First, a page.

The fighting in the north of Vietnam had been bloody and horrible. No quarter was given or received and our troops were nearing exhaustion. Few divisions would be able to press the attack to finish the Japanese and if the Japs found out how weak our forces were they would surely counterattack and drive us into the sea or back across the Hanoi river. A fresh corp that was supposed to be ear marked for Operation Matchlock was rushed north and landed in the newly opened harbor.
Away from the bloody rivers and jungles of Indo-China, the Soviet Union formally annexed Tannu Tuva. While not a large or strong country it still showed Stalin's intentions of swallowing up more and more free states to his Soviet Union.
While the great game of politics was played on the world stage the Americans made a bold move and retook the Philippines!

With our boys in Vietnam holding the Japanese navy's and armies attention the way was clear for the Americans to liberate the islands of the Philippines. This took away an objective that Operation Matchlock would have to overcome and would ease our path to Tokyo.

With the good news from the Philippines reaching our men in Vietnam, the final battle was launched. The 15th Royal Marine Division would be the spearhead of the attack and set out from their lines at night. Immediately resistance wasn't as heavy as predicted, as our men pressed on and advanced it became clear that the Japanese army in Indo-China had no morale. With their only evacuation and supply line cut, and surrounded in the Jungle. Our men began to come across mass graves where whole companies had committed suicide rather than surrender to us.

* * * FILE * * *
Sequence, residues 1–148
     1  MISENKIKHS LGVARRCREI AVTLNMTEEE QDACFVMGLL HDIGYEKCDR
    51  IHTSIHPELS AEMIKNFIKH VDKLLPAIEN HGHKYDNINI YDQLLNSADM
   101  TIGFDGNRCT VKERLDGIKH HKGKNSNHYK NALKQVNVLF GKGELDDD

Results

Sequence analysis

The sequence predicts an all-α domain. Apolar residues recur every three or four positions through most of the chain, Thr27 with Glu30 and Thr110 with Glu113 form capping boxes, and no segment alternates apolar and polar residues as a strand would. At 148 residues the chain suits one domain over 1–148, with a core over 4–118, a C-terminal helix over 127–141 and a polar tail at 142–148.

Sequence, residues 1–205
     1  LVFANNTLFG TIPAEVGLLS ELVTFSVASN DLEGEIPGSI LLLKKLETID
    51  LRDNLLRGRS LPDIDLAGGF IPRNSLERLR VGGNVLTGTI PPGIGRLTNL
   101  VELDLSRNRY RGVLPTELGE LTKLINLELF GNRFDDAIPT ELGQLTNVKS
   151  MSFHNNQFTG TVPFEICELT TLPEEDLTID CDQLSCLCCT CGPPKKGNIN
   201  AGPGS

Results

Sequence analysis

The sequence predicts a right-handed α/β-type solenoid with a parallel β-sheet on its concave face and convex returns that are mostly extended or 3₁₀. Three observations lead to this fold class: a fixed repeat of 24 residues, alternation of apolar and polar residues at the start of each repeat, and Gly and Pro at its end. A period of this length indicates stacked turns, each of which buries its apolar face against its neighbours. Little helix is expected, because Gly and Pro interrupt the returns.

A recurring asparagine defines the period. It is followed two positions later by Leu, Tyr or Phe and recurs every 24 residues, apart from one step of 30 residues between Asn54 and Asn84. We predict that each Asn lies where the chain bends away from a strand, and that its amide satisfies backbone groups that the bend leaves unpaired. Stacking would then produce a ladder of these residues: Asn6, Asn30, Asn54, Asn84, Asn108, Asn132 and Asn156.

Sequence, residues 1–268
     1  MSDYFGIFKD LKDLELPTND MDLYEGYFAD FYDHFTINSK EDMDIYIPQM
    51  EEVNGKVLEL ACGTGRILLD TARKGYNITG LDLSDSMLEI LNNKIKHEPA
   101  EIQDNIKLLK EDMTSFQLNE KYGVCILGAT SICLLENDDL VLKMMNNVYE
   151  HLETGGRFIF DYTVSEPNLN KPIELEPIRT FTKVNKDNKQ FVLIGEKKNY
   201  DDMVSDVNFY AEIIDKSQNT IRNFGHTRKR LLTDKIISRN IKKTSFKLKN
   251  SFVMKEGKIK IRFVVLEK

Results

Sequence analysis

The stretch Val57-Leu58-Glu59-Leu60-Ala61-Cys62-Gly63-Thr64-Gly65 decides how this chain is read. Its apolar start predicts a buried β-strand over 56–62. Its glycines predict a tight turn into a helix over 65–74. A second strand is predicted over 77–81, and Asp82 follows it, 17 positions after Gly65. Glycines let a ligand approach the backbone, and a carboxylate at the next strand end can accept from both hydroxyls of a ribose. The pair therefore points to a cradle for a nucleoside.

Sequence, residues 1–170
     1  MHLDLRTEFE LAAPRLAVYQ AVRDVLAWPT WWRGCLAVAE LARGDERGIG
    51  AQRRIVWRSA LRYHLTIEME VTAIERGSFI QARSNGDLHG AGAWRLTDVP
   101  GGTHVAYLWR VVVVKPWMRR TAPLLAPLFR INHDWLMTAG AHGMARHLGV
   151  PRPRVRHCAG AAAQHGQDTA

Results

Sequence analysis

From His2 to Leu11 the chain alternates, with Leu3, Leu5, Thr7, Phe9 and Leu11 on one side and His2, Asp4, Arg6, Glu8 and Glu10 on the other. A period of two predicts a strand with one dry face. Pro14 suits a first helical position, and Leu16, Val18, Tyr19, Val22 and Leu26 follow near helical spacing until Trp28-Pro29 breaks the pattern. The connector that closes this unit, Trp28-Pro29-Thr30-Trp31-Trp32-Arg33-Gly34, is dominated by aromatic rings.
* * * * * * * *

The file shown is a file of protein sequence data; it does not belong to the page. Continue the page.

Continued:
The assault by the 15th Marines would only cost us 34 men and would finally secure the whole of the Hanoi River.
Further advancements by Royal Marines would see the rest of the Japanese resistance totally fall apart. Some Japanese soldiers would surrender to our men, half starved and terrified these men came stumbling into our lines begging for food and water, these me were sent to the rear and given proper medical attention.
But while we did secure some prisoners, majority of the roughly 279,000 Japanese who had still been trapped around Hanoi when Operation Tunnel finally came to an end. Would meet their fate somewhere in the Jungle. Maybe they ran off to continue the war deep inside the Vietnamese jungle, but most of them would die in mass suicides. Engineers and soldiers would spend the next few weeks digging graves and reorganizing our own battered divisions.